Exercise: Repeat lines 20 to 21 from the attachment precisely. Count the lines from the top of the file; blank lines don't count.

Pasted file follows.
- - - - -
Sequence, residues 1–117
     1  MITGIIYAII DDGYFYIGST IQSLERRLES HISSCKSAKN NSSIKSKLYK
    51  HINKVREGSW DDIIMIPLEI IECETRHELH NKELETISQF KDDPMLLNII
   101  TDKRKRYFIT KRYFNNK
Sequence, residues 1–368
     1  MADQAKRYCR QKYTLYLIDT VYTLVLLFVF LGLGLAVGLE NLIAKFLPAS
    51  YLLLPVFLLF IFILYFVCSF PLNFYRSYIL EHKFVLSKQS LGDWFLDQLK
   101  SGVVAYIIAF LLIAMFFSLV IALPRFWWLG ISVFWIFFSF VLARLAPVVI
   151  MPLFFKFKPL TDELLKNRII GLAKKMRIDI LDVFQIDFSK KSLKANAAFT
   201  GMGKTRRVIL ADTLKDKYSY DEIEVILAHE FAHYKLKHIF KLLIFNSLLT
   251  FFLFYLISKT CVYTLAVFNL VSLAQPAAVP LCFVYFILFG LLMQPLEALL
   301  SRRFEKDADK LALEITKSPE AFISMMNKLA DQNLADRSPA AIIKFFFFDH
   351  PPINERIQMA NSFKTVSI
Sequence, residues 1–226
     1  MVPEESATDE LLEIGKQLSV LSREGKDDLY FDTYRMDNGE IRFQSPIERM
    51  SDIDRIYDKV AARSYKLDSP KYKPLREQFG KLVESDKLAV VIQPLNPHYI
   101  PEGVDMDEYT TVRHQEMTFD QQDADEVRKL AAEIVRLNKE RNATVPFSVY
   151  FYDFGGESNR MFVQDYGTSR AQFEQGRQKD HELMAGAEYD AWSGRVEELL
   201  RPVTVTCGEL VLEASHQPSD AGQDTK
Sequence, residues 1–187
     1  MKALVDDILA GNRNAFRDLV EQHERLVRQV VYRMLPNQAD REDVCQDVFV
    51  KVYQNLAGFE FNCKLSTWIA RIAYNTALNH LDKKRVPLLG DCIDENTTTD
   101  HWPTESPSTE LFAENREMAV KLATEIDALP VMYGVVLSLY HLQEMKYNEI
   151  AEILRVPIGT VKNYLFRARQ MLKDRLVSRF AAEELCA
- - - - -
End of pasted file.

Sequence, residues 1–187
     1  MKALVDDILA GNRNAFRDLV EQHERLVRQV VYRMLPNQAD REDVCQDVFV